The band’s sound and the thrust of the whole scene came off as a sort of musical fist in the air to Thatcherism and to the racial intolerance that existed particularly violently in urban centres of the country at the time. The band covered Prince Buster’s “Whine and Grind” and fused it to their own song, “Stand Down Margaret” which was a not-so-subtle commentary on the current Prime Minister.

The scene as a whole was short-lived, but The Beat would make the biggest impact overseas of all of the bands that were a part of it, championed mainly by anglophile fans, alternative rock radio, and supporting appearances with the Police and the Pretenders, among others. Of course, they’d have to change their name to “The English Beat” Stateside, as there was already a band called the Beat as led by Paul Collins, formerly of power pop lost legends the Nerves. But as soon as they had begun to crack the States, internal tensions led the band to split in two. Lead vocalists Dave Wakeling and Ranking Roger left to form their own group, General Public who would have a smash hit in their lead single “Tenderness” as taken from their 1984 album All the Rage. Bassist David Steele and guitarist Andy Cox formed Fine Young Cannibals with vocalist Roland Gift. FYC would have hits in ” Johnny Come Home”, a version of “Suspicious Minds” in 1985, and later their ubiquitous single “She Drives Me Crazy” in 1989.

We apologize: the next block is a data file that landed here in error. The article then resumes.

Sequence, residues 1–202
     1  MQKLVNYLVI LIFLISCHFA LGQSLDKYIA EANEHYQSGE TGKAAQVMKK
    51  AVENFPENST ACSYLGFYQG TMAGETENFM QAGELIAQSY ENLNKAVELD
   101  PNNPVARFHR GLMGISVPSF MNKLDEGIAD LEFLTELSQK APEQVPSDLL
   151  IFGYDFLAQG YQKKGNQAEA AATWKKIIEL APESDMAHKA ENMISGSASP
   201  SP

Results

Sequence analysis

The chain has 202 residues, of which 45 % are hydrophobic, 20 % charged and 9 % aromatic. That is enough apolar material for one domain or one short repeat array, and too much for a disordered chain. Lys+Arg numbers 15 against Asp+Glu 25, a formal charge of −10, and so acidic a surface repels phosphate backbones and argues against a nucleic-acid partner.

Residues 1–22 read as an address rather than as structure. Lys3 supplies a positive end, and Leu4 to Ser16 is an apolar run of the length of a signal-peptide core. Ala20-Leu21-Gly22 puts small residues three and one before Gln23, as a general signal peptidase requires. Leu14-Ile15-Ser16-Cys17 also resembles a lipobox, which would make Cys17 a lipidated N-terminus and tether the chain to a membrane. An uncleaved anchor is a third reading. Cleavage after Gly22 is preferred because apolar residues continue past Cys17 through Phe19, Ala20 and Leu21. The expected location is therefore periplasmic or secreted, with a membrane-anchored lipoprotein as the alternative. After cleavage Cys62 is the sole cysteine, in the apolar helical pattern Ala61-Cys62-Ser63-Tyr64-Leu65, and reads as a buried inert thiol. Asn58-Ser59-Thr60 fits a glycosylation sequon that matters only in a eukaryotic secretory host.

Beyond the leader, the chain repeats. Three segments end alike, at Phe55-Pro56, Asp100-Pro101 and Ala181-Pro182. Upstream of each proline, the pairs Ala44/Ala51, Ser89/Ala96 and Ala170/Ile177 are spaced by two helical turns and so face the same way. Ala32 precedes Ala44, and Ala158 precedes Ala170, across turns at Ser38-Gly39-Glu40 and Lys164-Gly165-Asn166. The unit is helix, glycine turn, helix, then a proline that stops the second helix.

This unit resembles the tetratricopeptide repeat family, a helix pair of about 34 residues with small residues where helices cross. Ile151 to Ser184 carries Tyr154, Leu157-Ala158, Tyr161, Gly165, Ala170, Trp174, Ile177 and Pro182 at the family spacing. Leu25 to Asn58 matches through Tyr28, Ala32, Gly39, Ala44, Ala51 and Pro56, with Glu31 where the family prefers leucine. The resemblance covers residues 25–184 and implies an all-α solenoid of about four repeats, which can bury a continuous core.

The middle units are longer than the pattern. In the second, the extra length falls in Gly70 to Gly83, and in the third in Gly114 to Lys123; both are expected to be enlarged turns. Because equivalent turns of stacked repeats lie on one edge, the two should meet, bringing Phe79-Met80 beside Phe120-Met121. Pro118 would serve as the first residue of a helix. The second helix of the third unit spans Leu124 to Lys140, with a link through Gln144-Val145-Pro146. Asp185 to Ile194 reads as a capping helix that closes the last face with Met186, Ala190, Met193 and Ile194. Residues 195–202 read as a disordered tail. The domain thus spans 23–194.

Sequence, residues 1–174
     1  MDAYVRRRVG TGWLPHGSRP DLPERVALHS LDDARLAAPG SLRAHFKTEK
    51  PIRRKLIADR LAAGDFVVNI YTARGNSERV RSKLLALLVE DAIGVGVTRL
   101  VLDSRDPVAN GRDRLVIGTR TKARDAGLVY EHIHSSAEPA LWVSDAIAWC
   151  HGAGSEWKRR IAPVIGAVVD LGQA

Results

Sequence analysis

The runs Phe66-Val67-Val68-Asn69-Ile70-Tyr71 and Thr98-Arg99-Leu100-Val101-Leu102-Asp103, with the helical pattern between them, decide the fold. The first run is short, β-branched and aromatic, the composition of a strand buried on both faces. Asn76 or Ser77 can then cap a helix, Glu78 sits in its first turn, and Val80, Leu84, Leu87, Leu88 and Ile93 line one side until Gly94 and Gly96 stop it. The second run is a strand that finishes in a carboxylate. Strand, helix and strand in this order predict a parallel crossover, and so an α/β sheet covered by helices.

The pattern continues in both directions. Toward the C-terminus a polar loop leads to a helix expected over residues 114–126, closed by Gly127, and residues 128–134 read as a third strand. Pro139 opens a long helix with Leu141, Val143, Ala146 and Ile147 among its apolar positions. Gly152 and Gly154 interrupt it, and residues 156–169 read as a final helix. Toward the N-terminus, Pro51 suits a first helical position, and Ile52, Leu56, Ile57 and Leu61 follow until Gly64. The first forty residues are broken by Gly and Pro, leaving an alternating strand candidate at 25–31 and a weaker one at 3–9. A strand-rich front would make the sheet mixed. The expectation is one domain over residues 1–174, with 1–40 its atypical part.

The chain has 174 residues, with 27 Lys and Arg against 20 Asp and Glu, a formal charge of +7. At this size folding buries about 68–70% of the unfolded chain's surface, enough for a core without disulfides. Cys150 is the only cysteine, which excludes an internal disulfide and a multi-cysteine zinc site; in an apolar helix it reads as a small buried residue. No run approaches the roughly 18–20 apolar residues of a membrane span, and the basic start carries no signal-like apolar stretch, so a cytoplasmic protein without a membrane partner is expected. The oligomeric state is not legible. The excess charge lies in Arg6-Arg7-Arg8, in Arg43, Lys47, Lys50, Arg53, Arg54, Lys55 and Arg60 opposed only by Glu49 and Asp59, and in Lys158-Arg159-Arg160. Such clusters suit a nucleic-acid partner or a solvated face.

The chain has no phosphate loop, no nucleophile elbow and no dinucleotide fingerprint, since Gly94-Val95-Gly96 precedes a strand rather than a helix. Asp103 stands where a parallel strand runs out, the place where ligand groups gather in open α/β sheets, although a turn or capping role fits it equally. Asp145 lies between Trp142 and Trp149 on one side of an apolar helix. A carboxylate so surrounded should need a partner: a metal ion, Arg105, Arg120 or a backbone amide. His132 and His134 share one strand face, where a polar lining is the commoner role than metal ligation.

The Beat would reform as an ongoing live act in 2005, without many of its original members, and is currently led by Ranking Roger and original Beat drummer Everett Morton. They remain to be a popular live band in Britain. Meanwhile, Dave Wakeling tours in his own “The English Beat”, based in the States, and also known to be an energetic live act.

“Mirror in the Bathroom” is one of my favourite songs by anyone, with an insistent bassline, and a sort of speed-fueled edge to it thanks to the prickly rhythm guitars and Wakeling’s rapid-fire vocal. And a saxophone has never sounded so menacing. The song is eminently danceable, defying you to stand still in fact. In essence, this song is the template of the band’s whole sound – the joyousness of Jamaican ska, with the anger and darkness of punk fused to it. It gives me the same rush now to hear it as it did when it came out!